16. Ensure legal and regulatory compliance:
Grant programs should adhere to all relevant legal and regulatory requirements, including taxation and corporate governance. Compliance can help maintain the integrity and credibility of the grant program while protecting the interests of all stakeholders. Legal structures, such as an LLC with bylaws that define and constrain their roles and responsibilities can protect committee members from liability and unforeseen legal complications.
17. Maintain transparency and accountability:
Ensuring that grant programs operate with transparency and accountability can help build trust within the community and demonstrate the program’s commitment to supporting high-quality projects. Transparent processes can also help mitigate any potential conflicts of interest or other concerns. Grant committee members should be required to disclose conflicts of interest and be properly informed as to the processes required for dealing with material non public information to prevent accusations of self-dealing or insider trading.
18. Implement robust application processes:
A thorough and transparent application process can help ensure that grants are awarded to projects with the greatest potential for success. This approach can also help maintain the integrity and credibility of the grant program. In general, it is often best if the grant committee determines grant recipients, rather than by election of the community, but it is quite acceptable to promote on occasion a “people’s choice” category to provide inclusiveness for unexpected proposals.
19. Encourage community engagement and feedback:
Inviting input from the community throughout the grant process can help identify potential areas of improvement and ensure that projects align with community needs and values. This engagement can also help foster a sense of ownership and investment among community members. Opportunity for community feedback should be, where reasonably possible, constrained to specific periods of comment. Grant recipients should not be required to respond to community feedback and comment at random which can promote insecurity and undermine confidence. Feedback should also be collated and delivered in one document, rather than requiring recipients to read through continuously expanding forum threads.
20. Monitor and track project progress:
Regularly monitoring the progress of grant-funded projects can help identify any potential issues or roadblocks and ensure that resources are being used effectively. This oversight can also help maintain accountability and encourage grant recipients to stay on track with their project goals.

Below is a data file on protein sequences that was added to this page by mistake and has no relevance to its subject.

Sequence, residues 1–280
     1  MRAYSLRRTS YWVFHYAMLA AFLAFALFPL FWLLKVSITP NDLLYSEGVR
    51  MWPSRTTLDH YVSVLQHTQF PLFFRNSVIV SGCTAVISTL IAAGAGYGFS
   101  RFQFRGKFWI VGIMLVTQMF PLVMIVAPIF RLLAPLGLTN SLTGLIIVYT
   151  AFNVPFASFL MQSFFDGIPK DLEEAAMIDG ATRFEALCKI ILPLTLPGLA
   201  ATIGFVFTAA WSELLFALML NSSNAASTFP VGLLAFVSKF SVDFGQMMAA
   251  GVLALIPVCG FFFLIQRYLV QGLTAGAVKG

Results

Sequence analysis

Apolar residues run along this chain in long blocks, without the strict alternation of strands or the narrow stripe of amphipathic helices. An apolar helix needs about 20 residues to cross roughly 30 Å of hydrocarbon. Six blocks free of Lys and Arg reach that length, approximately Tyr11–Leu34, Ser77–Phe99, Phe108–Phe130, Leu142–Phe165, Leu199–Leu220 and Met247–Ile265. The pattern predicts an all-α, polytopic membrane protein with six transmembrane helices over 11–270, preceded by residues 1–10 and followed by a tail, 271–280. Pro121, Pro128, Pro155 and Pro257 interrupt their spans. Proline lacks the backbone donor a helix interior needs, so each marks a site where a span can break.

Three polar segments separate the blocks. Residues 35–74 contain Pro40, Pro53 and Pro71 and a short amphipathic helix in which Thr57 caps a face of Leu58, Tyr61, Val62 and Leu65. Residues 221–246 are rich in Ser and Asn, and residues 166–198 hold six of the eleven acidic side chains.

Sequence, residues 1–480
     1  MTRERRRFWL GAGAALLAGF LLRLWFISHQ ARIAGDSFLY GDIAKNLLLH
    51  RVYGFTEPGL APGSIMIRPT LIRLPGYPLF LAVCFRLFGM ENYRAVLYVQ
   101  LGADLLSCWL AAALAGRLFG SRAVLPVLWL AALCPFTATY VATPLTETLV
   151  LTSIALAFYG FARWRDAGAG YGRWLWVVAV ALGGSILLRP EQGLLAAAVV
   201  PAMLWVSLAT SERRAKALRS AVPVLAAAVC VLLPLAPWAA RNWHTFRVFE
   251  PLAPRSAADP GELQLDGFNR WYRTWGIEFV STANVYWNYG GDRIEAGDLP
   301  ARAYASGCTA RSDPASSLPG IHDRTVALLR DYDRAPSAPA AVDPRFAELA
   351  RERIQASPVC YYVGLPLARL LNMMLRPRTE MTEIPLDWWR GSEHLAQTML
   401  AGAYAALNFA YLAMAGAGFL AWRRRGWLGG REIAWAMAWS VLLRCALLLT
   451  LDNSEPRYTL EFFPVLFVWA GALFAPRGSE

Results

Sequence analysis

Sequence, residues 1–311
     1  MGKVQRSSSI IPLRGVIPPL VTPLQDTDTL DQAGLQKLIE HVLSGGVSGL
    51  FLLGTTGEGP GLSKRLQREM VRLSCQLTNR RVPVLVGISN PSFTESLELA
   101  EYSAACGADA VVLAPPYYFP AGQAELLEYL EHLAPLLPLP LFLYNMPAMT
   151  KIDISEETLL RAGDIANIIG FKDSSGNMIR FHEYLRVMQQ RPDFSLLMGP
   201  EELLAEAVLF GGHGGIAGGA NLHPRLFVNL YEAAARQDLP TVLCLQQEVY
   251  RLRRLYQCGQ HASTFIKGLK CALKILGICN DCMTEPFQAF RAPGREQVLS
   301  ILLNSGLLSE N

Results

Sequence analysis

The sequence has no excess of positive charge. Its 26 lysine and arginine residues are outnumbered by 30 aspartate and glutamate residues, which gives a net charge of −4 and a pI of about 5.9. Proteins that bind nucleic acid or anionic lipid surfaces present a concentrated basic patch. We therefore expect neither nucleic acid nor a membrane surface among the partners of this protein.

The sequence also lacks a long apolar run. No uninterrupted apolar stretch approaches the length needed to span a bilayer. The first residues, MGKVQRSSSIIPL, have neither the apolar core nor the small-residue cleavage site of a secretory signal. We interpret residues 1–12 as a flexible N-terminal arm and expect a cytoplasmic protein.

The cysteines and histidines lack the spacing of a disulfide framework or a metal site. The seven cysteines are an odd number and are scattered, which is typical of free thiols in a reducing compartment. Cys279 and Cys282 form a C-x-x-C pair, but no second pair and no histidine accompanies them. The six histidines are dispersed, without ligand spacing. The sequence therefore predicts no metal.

21. Celebrate and share grant successes:
Acknowledging and celebrating the achievements of grant recipients can help motivate and inspire others within the ecosystem. Recognition can also help build a sense of community and camaraderie among grant recipients, grant committees, and parent organizations. Too often grants programs fail to adequately promote the success of their grantees and their efforts. Communities should ensure that being a recipient of a grant is considered prestigious. This should be more than just a tweet or blog post.
22. Foster a culture of innovation and excellence:
Cultivating an environment that values innovation, creativity, and excellence can help attract top talent and encourage grant recipients to strive for exceptional outcomes. This culture can contribute to the overall success and growth of the ecosystem. This means an open mind to wild or untested ideas, but also accountability and intellectual rigor.
23. Encourage diversity and inclusion:
Promoting diversity and inclusion within grant programs can help ensure that a wide range of perspectives, ideas, and experiences are represented. This approach can lead to more innovative and well-rounded projects, benefiting the entire ecosystem. Diversity and inclusion should also take into consideration language and geographic location. To the extent possible and practical, major non-english languages should be accommodated.
24. Develop clear communication channels:
Establishing clear communication channels between grant committees, the community, parent organizations, and grant recipients can help ensure that everyone is on the same page and working towards common goals. Effective communication can also help address any issues or concerns that may arise during the grant process. Where it’s not possible to keep the parent organization involved due to legal constraints, grant committees can refer to their charter to help align expectations in public.
25. Implement periodic evaluations:
Regularly evaluating grant programs can help identify areas of improvement, assess the impact of funded projects, and determine the overall effectiveness of the program. These evaluations can provide valuable insights for refining and optimizing future grant cycles. Committee members should provide evaluations initially in private, especially when there are potential issues to give grant recipients an opportunity to address concerns they may be unaware of. Following a round of internal feedback, an amended evaluation and feedback can be shared with the community. It is important to recognize that when dealing with grant recipients of diverse cultural backgrounds and experiences on the internet, it is normal that there might be a misalignment. Poorly executed public evaluations can lead to grant recipients being publicly shamed and maligned over even the smallest of mistakes or misunderstandings.